Previous GOP bill: Would not provide additional funding for USPS.
House Heroes Act: Calls for a $25 billion emergency appropriation for USPS.
Liability protections for employers
GOP skinny bill: Would provide protections for employers against liability in any coronavirus-related lawsuits brought by workers. Employers would not be held liable unless workers’ claims met a stringent test. The bill states they must provide “clear and convincing evidence” that 1) the employer was not “making reasonable efforts” to comply with the latest pandemic-related safety guidance and standards; 2) that the employer was grossly negligent or willfully did something that caused “actual” exposure to the coronavirus; and 3) that the “actual” exposure caused personal injury to the workers.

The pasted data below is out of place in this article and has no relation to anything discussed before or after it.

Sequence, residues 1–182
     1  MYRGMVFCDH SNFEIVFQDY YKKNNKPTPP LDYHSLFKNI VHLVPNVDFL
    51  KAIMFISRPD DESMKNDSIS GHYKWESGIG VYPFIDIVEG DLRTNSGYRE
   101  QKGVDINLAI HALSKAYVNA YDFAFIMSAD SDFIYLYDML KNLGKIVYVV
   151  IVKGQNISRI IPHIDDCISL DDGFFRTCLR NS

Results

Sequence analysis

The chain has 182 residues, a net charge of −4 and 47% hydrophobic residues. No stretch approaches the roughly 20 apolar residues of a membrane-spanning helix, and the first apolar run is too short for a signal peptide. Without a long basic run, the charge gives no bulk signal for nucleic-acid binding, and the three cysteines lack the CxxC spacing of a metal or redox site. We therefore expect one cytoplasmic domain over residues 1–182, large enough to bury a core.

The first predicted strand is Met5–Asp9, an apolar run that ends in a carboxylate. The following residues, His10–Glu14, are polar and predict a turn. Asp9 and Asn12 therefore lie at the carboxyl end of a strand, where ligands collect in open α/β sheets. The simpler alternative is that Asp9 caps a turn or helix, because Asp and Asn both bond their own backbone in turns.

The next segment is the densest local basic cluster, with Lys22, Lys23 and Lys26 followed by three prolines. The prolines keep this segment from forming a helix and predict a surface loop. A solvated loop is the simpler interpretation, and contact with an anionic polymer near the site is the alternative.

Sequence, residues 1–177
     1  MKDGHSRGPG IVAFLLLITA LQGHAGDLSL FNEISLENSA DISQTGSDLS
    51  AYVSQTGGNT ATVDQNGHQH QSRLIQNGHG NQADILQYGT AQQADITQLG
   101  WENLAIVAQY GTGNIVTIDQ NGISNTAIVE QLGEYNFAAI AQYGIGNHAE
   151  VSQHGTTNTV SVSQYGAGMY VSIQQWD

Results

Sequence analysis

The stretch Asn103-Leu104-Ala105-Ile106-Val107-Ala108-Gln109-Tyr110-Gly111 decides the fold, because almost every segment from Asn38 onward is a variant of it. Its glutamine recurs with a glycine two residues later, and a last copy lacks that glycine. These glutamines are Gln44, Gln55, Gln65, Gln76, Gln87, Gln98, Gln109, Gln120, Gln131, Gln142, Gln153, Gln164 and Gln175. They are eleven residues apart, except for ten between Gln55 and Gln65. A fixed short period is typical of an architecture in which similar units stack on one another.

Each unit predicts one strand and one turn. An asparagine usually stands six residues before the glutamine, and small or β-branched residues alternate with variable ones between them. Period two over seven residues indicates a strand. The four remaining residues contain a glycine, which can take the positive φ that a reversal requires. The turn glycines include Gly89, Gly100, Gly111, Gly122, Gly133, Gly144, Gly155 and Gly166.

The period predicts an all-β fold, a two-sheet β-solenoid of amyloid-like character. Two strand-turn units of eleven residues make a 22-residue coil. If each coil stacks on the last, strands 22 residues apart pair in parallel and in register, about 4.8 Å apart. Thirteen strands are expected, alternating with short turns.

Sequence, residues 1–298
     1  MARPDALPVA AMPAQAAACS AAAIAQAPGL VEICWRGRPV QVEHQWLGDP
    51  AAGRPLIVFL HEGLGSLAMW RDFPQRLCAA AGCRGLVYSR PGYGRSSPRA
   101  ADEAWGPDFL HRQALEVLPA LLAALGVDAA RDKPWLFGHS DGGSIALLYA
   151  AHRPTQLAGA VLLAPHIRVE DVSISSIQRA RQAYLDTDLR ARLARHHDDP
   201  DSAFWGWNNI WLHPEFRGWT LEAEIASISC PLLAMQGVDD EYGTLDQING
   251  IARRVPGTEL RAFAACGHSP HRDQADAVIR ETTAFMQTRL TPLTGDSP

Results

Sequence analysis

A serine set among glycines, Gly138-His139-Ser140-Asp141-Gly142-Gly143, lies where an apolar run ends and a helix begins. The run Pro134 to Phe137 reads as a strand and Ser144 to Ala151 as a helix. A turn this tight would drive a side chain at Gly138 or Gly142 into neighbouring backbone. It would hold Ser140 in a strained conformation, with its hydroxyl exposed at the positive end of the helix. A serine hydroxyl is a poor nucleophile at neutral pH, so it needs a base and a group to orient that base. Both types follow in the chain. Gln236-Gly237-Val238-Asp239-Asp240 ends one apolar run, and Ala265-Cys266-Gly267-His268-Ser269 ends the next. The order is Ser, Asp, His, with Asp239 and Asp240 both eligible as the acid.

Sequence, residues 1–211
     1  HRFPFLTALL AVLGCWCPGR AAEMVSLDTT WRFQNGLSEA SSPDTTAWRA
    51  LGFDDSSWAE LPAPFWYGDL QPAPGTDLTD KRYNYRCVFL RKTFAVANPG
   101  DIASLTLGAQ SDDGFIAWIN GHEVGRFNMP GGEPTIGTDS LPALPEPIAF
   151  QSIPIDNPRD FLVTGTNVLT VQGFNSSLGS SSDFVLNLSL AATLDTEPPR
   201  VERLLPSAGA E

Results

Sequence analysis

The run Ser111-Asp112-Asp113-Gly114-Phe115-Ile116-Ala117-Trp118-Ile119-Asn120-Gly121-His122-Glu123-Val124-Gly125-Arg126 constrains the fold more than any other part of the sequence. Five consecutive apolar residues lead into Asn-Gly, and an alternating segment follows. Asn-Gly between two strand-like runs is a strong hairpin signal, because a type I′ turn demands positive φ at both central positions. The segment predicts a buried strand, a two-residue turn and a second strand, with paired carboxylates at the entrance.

In cases where workers allege they contracted Covid-19 through their workplace, they must provide a list of every place they went and every person they interacted with both inside and outside their home during the 14-day period before their onset of symptoms.
Previous GOP Bill: Contained similar language as the skinny bill.
House Heroes Bill: Democrats have opposed liability protections. Instead, they want to require new regulations from the Occupational Safety and Health Administration that would have employers create new plans to protect workers from exposure to Covid-19.
Liability protection for health care workers and facilities
GOP skinny bill: Would protect health care providers from coronavirus-related liability actions unless the plaintiffs can prove gross negligence or willful misconduct. Also, resource or staffing shortages would not be considered willful misconduct or gross negligence.
Original GOP bill: Contains similar language as the skinny bill.
House Heroes Bill: Does not contain any liability protections for health care providers.
What’s missing: Stimulus checks
GOP skinny bill: Does not include money for a second round of direct stimulus checks to Americans.